For the first time, AWI scientists have found evidence of living, potentially pathogenic vibrions on microplastic particles.
With increasing water temperatures comes an increasing likelihood of potentially pathogenic bacteria appearing in the North and Baltic Seas. AWI scientists have now proven that a group of such bacteria known as vibrios can survive on microplastic particles. In the future, they want to investigate in greater detail the role of these particles on the accumulation and possible distribution of these bacteria.
Summer heatwaves could result in the strong proliferation of pathogenic bacteria in North and Baltic Seas. In recent years, this also included bacteria of the genus Vibrio which can cause diarrhoeal diseases or severe inflammations. “Vibrios are climate change winners, because their numbers soar at higher temperatures,” Dr. Gunnar Gerdts, microbiologist at the Alfred Wegener Institute, Helmholtz Centre for Polar and Marine Research (AWI) on Heligoland explains.
In moderate summers, the bacteria are only sporadically evident in sea water, but can proliferate explosively during heat waves if water temperatures rise above 22 degree Celsius. Especially in nearshore areas of the Baltic Sea, such heatwaves have in the past repeatedly been associated with cases of disease or death caused by the bacterium Vibrio vulnificus.
Gerdts and his team have taken samples from the sea and examined whether the bacteria benefit from a new habitat known as the plastisphere. Bacteria, fungi and microalgae growing in a mucous layer live in biofilms on the surface of plastic particles. They are known, for example, as the basis for growth on ships’ hulls. The composition of these biofilms varies depending on the condition of the surface and the living organisms in the surrounding water. Gene sequencing suggested that Vibrios may also be part of this ecosystem.
For the first time now, the Heligoland microbiologists have succeeded in proving the existence of living, potentially human-pathogenic Vibrio species in biofilms on microplastic particles. “This illustrates the potential of pathogens hitchhiking on these particles, i.e. disseminating as free loaders within an ecosystem and proliferating beyond,” Gunnar Gerdts classifies the latest research findings.
For their study, now published online in the “Marine Environmental Research” professional journal, the AWI scientists on the research vessel Heincke had taken samples from 62 sampling stations in the North and Baltic Seas. In addition, they used a Neuston catamaran (photo) to skim off microplastic particles directly below the water’s surface for further investigation in the laboratory. In total, the scientists collected 185 particles. On 19 of these particles, they found evidence of Vibrios that were mostly also found in water samples from the same sampling stations.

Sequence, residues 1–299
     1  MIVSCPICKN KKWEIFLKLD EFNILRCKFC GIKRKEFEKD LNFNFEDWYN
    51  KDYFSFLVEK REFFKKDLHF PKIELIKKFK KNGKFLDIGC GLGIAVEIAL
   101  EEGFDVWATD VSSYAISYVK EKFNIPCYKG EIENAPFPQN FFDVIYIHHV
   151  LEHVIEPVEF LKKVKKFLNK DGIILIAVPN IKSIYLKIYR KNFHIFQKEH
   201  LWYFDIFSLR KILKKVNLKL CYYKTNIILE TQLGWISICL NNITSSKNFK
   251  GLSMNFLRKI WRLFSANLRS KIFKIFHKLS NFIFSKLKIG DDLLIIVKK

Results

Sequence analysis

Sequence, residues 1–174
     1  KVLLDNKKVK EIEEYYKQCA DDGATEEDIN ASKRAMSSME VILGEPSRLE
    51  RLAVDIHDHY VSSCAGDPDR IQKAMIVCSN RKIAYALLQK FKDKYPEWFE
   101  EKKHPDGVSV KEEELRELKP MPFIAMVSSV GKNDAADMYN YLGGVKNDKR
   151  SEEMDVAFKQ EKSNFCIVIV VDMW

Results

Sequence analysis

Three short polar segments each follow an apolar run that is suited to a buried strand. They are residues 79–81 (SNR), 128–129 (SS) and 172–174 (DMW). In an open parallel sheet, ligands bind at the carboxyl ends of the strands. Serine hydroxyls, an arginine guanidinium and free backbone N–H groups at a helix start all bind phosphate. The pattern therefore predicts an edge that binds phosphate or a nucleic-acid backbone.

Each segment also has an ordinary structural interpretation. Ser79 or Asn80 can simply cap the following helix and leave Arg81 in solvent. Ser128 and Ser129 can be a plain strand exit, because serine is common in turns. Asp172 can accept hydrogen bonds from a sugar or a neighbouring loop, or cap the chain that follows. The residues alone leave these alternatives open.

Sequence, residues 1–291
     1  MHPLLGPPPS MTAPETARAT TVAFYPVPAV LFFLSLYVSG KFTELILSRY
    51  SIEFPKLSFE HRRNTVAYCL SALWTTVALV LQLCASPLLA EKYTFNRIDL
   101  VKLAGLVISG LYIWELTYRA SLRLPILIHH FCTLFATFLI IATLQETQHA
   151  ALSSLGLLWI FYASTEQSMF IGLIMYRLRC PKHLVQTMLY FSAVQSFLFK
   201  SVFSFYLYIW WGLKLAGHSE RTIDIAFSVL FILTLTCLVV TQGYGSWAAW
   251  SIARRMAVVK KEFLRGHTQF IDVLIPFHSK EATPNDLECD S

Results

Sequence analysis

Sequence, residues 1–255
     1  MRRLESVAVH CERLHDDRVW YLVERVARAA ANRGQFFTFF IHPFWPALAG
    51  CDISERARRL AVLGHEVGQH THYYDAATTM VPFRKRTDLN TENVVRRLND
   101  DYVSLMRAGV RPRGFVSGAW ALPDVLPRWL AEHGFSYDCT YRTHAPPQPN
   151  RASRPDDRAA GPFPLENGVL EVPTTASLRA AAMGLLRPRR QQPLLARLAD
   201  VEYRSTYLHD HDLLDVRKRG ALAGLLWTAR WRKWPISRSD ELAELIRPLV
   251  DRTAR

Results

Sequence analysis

The good news: As part of their investigations, the Heligoland AWI scientists did not encounter any pathogenic genotypes. Microbiologist Gunnar Gerdts is also in communication with the authorities on this topic. “At the North and Baltic Sea coasts, regional investigation offices already spot check water samples for Vibrio species. It would be a cause for concern if microplastic particles ‘charged’ with Vibrios became a regular occurrence in the future, as biofilms generally have a higher bacterial density than open water,” the AWI scientist reports.
By the way, the test method used in the study does not permit any conclusions as to whether Vibrios accumulate on these plastic particles. With the culture medium used, the scientists were only able to show whether or not Vibrios live in the water or on the microplastic particles. “For that reason, it is our aim for the future also to determine the number of Vibrios on the plastic particles using the quantitative polymerase chain reaction which will then also permit quantitative comparisons,” Gunnar Gerdts specifies the next research objectives.
In addition to several species of Vibrios, a distinction is also made between various genotypes of different pathogenic potential. The genotypes evident in the study did not have the virulence genes as for example found in pandemic genotypes, such as Vibrio cholerae El-Tor, a cholera-inducing pathogen. However, even such not specifically virulent Vibrios can cause serious diseases, if there is any prior damage to the infected person’s state of health (e.g. by diabetes).
Inga V. Kirstein, Sidika Kirmizi, Antje Wichels, Alexa Garin-Fernandez, Rene Erler, Martin Löder, Gunnar Gerdts: Dangerous hitchhikers? Evidence for potentially pathogenic Vibrio spp. on microplastic particles. Marine Environmental Research (Volume 120, September 2016, Pages 1–8); http://dx.doi.org/10.1016/j.marenvres.2016.07.004
Notes for Editors
Your contact persons are
• Dr Gunnar Gerdts, tel. +49(4725)819-3245 (e-mail: Gunnar.Gerdts(at)awi.de)
• Dr Folke Mehrtens, Communications Dept., tel. +49(471)4831-2007 (e-mail: Folke.Mehrtens(at)awi.de
Please find printable images on: http://www.awi.de/nc/en/about-us/service/press.html
The Alfred Wegener Institute, Helmholtz Centre for Polar and Marine Research (AWI) conducts research in the Arctic, Antarctic and oceans of the high and mid-latitudes. It coordinates polar research in Germany and provides major infrastructure to the international scientific community, such as the research icebreaker Polarstern and stations in the Arctic and Antarctica. The Alfred Wegener Institute is one of the 18 research centres of the Helmholtz Association, the largest scientific organisation in Germany.
Ralf Röchert | idw - Informationsdienst Wissenschaft
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